Thursday, 19 February 2009

The pension levy

Ireland is full of vocal interest groups, who make a noise way out of proportion to their numbers or the gravity of their problems. The Irish Language Lobby is the best example. Doctors and consultants are another, and don’t forget property developers, lawyers, farmers and publicans. Then you have the Civil Service and the pension levy.

I just know I’ll be accused of being a neo-conservative now - and I’m aware of the of the employers’ tactic of pitting private sector against public sector worker - workers’ solidarity, make the bosses pay… I know all that. But sorry – this has to be said.

At a time when the tax base is shrinking as more and more workers in the private sector lose their jobs, funding for public services is not as plentiful as it was in the “boom” times. Many people in private employment are being transformed from tax contributors to social welfare recipients, meaning there is less money to fund the public service, as more demands are being made on it.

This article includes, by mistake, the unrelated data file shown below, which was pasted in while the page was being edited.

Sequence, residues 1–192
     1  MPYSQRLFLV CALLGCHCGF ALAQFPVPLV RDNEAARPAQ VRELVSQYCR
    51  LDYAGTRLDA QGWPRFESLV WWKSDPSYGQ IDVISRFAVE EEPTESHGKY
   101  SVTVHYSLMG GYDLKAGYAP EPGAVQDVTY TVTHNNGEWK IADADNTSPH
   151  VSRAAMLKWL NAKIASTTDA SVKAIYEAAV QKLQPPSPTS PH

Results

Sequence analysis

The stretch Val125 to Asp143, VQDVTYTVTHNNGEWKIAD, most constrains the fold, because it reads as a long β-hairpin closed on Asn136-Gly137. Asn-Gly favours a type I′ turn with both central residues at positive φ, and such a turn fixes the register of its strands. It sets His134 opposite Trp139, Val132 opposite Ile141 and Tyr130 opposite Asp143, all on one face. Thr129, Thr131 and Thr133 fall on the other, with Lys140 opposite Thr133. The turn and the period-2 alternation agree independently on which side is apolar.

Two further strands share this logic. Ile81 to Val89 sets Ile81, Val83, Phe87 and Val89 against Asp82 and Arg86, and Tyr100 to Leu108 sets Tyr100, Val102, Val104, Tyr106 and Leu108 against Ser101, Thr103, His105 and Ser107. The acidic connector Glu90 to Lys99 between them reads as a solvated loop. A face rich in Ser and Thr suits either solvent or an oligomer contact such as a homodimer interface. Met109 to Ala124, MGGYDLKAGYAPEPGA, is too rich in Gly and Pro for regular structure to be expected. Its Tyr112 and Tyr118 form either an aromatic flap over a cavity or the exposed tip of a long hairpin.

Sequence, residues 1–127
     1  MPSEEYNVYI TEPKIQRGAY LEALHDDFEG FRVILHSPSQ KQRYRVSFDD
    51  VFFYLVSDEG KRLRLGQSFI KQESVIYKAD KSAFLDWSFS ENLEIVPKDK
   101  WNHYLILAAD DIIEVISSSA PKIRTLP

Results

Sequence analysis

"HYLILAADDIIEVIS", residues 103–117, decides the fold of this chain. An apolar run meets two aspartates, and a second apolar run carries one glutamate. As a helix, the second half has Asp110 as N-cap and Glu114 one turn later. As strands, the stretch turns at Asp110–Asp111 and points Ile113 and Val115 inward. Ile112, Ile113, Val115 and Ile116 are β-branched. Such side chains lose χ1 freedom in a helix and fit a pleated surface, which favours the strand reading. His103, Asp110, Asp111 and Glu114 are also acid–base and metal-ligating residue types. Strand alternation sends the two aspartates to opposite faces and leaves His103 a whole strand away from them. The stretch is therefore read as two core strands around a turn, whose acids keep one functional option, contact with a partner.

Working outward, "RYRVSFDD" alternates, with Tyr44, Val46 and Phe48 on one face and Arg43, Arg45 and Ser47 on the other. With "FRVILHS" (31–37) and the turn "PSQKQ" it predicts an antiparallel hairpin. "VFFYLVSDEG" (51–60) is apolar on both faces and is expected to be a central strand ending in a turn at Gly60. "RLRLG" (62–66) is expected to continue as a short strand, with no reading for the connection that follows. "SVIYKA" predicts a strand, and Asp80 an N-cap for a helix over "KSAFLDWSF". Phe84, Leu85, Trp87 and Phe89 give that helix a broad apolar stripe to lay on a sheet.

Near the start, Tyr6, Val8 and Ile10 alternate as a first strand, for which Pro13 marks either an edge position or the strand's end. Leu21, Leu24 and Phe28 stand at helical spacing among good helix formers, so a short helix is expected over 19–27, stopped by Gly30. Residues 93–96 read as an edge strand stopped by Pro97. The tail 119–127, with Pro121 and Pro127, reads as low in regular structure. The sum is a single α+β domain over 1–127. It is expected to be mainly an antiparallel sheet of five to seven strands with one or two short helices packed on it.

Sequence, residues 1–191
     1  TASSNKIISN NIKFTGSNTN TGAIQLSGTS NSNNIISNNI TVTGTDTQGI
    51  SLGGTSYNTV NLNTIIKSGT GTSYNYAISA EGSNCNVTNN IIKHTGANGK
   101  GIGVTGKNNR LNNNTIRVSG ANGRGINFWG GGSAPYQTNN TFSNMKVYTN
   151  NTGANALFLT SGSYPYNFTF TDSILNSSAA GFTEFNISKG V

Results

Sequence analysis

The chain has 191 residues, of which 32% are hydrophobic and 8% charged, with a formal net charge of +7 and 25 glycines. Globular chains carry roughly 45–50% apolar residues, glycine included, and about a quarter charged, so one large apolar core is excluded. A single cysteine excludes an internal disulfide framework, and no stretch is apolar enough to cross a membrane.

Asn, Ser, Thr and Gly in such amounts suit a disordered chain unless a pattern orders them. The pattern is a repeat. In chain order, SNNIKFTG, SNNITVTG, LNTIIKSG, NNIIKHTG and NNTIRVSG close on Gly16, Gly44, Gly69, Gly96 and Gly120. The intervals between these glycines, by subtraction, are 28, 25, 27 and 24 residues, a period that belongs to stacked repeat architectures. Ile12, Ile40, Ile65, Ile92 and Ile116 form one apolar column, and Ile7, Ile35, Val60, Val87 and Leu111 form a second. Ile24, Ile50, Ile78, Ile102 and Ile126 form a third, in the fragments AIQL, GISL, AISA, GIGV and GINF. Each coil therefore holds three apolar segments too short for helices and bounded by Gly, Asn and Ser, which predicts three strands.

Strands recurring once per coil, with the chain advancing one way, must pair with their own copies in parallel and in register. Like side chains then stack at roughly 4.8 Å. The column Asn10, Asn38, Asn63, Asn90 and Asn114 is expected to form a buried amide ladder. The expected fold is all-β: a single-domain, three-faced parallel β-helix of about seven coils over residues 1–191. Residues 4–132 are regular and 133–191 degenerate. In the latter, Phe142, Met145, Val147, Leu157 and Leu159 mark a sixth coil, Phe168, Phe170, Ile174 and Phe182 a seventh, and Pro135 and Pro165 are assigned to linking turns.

So, on the scale of things, is asking civil servants to contribute to their pensions really the end of the world? After all, if you’ve got a permanent public job you can, at least, ride out the recession. You’re less likely to find yourself on the dole.

All this is even more pertinent in the light of benchmarking, which brought civil servants’ pay into line with those in the private sector. Before then, civil servants’ remuneration was somewhat less than that of their private counterparts – who generally work in a far less secure environment. The payback, however, was job security.